… oh, and on the analytic front: Rob Farley and Dan Drezner both have interesting things to say about NATO and the crisis. Needless to say, I agree with them on some points and disagree with them on others.

But anyway, let’s all keep our fingers crossed for an acceptable resolution soon.

And now…..

… Saakashvili, under pressure from Rice, signed the ceasefire agreement limiting Russian forces to the breakaway republics and their immediate vicinity–in Georgia proper. Rice is demanding that the Russians leave Georgia; they say they’ll comply with the ceasefire.

Damien McElroy of the Telegraph sums up the drama:

merica’s chief diplomat arrived in the Georgian capital Tblisi for talks with a deeply suspicious President Mikheil Saakashvili, who sought to strengthen guarantees of a complete Russian pullback. In the end, the pro-Western Georgian leader had little option but to accept the accord on a day that Russia threatened to target Poland with its full arsenal.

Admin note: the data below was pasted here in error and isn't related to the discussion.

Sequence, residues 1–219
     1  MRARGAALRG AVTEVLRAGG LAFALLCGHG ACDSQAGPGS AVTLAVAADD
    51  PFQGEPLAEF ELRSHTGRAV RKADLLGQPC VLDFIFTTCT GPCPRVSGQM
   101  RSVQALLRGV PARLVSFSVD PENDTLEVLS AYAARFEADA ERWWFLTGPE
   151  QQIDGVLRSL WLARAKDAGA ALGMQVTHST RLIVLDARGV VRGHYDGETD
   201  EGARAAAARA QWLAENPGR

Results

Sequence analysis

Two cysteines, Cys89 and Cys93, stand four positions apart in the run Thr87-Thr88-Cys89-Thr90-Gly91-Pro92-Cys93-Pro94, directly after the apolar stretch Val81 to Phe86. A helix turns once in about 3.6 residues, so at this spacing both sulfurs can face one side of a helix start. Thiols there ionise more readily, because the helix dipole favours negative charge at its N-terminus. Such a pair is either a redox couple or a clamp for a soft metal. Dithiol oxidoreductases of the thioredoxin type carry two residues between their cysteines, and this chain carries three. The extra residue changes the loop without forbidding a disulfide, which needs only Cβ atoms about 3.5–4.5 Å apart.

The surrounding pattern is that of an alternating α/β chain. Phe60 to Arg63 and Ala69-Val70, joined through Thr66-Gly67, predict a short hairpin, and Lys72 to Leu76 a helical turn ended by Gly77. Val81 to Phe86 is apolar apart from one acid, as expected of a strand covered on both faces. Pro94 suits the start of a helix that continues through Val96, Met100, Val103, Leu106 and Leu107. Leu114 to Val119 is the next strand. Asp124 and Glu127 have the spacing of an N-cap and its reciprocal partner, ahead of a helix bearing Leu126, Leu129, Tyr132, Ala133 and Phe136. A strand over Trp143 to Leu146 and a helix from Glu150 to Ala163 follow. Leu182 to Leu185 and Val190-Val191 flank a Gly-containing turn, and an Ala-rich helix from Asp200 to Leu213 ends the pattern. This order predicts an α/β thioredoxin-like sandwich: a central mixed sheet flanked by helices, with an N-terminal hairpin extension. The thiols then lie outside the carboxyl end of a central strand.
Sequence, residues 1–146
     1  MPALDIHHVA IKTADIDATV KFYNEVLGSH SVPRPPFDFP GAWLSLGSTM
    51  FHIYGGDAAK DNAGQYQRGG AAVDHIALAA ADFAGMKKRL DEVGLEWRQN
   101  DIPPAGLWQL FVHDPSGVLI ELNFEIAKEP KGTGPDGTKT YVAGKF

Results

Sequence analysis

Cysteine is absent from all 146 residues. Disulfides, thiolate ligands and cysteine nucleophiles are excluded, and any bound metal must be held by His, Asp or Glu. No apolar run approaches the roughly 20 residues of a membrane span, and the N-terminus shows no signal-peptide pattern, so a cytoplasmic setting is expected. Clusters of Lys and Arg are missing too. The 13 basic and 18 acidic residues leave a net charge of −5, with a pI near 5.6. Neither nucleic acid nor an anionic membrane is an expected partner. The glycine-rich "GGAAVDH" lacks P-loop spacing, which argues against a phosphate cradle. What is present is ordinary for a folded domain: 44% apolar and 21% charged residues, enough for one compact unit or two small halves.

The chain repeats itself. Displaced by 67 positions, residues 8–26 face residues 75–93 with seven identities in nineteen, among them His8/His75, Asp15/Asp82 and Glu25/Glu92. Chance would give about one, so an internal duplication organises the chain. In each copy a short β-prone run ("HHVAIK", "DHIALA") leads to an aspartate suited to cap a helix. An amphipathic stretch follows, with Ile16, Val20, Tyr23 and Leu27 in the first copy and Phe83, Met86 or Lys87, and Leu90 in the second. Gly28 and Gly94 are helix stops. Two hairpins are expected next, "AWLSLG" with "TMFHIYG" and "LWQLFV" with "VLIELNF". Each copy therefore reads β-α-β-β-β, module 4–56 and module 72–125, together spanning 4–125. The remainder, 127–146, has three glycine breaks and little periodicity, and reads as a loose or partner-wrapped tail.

Before the arrival of international monitors, Russia troops retain the scope to take defensive forward positions in Georgian territory. Even as Miss Rice and President Saakashvili emerged from almost five hours of talks, Russian armoured personnel carriers had moved from the city of Gori to within 25 miles of the capital.

The French-drafted document left ambiguity over the sequencing of a Russian return to its battle lines before fighting broke out on August 8. America demanded that Russian pullback into South Ossetia and Abkhazia, where it has formal peacekeeping role, as soon as the Kremlin signs the document.